Understanding the process of “disentailment” implemented by the Liberal regime in Spain

Ruins of the Cistercian monastery of Santa María de Moreruela, visible result of the liberal confiscation. Guías Zamora

***La versión original en español del artículo se puede encontrar en este enlace. La traducción al inglés la ha realizado uno de los amigos del Círculo Blas de Ostolaza, de Perú***

We believe that there are certain misunderstandings surrounding the word “amortization” that lead to a misunderstanding of certain facts that are often grouped together as the same, when, in fact, they are substantially different.

Today the verb “to amortize” refers either to the progressive repayment of the principal of a debt, or to the progressive deterioration of a physical capital asset (cars, buildings, machinery, etc.). But neither of these is the sense it has when we speak generically of the so-called “disentailment processes”. In the latter case, “amortize” means to bind or tie a real estate property to a certain social body to guarantee its economic security and independence, prohibiting any possibility of alienating or encumbering such property. These social bodies were called “dead hands”, hence the term “amortize”. Therefore, to “disentail” simply means to change the legal nature of that property, converting it into a “marketable good”, that is, susceptible to sale or legal encumbrance by its present holder. But the latter is not what everyone understands to have been done in the so-called “disentailment processes” of the Revolution.

The confusion is even greater when historians tend to associate the so-called “Desamortization of Godoy” to the events of the revolutionary period. In the context of the wars against Great Britain (1797-1808), the Crown’s need for financing made it create the so-called Caja de Amortización (separate from the Royal Treasury) in February 1798, which had the purpose of recognizing and liquidating the interest and principal of the Vales Reales (titles of Public Debt) issued by the King since its creation by Cabarrús in 1780 (also in the context of the wars against Great Britain of 1779-1783). In this specific case, the word “amortization” is used in the new sense of “progressive repayment of the amount of a debt”.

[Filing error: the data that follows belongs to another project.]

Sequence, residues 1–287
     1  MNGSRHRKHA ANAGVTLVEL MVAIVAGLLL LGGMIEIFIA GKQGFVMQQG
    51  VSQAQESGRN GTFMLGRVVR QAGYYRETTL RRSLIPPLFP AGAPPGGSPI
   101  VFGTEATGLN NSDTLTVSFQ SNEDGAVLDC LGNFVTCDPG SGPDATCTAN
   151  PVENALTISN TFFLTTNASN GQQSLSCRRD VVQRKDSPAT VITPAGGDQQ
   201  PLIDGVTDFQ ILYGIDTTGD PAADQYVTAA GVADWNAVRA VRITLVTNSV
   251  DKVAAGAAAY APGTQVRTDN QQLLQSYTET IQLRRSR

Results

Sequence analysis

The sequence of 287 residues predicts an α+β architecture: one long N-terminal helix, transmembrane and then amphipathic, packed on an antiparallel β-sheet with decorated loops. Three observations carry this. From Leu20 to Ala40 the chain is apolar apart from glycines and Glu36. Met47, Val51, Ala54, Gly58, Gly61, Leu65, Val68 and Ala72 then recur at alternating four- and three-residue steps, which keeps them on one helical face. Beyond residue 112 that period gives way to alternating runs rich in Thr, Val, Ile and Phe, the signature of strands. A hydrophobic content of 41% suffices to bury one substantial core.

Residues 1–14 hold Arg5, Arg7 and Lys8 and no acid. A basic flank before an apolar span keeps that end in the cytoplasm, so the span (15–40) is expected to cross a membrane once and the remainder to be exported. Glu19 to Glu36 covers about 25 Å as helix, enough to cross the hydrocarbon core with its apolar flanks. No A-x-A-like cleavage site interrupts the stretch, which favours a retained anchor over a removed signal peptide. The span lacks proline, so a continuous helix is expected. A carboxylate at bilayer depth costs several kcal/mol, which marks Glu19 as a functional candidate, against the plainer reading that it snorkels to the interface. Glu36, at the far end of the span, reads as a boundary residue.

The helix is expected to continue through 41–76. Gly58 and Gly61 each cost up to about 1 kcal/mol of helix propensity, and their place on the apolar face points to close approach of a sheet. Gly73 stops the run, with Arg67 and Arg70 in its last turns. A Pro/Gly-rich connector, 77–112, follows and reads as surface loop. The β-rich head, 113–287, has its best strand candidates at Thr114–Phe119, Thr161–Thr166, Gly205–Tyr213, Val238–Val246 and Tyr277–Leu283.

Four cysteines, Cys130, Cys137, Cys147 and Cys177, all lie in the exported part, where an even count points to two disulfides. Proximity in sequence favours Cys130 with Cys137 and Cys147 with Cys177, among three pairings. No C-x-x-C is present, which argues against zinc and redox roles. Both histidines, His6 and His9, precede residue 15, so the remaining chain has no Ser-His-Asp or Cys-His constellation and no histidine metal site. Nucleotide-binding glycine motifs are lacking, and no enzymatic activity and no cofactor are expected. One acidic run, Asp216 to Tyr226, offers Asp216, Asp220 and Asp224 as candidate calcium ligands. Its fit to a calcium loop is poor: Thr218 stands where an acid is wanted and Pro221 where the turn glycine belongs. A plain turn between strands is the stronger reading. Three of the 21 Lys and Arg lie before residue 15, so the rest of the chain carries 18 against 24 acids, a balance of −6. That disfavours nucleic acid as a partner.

In September 1798, Carlos IV approved a series of Decrees, which, in fact, established the sale of a series of goods linked to institutions of a mixed nature (civil-ecclesiastical) in order to allocate the proceeds of their sale to the Amortization Fund.

It is important to point out these differences in order not to fall into the exaggerated criticisms promoted much later by the historiography coming from the Ultramontanists of the Alfonsine period (Menéndez Pelayo, Alejandro Pidal, and above all Vicente de la Fuente, whose antiborbonistic attitude bordered almost on obsession), which influenced later authors.

Having clarified this, of course we do not deny that constructive and reasonable criticism can be made about the wisdom of these measures, as was done, for example, by the great jurist and royalist Juan de la Reguera Valdelomar. However, it will not be superfluous to remember that, with respect to the protagonists of these acts, Urquijo and Godoy, the former ended up as Secretary of State of usurper José “I” Bonaparte, and the latter confessed in his Memoirs that he always tried to act as a Liberal, and the Liberals of the Elizabethan (Isabelina, after usurpress Elizabeth so-called II of Spain) era recognized him as one of their own. That allows us to judge about the “loyalty” of these former ministers of Charles IV.

Now, having explained what a simple desamortization consists of, and that what is called “Godoy’s Desamortization” was a mere process of expropriation with compensation — which name do the acts carried out after “the Revolution of 1833” deserve, with the snatching of most assets linked to all the social corporations, both ecclesiastical (parishes, convents, monasteries, bishoprics, etc.) and civil (family estates, universities, municipalities, schools, etc.)? We believe that the expression used by Menéndez Pelayo (rightly so in this case) to describe the nature of the “economic” actions perpetrated by the revolutionaries is the most appropriate: “immense larceny”. It was nothing more than a pure and absolute plundering of all the goods linked to each of the multiple and varied bodies and institutions that made up the rich social fabric of the Ancien Régime.

Félix María Martín Antoniano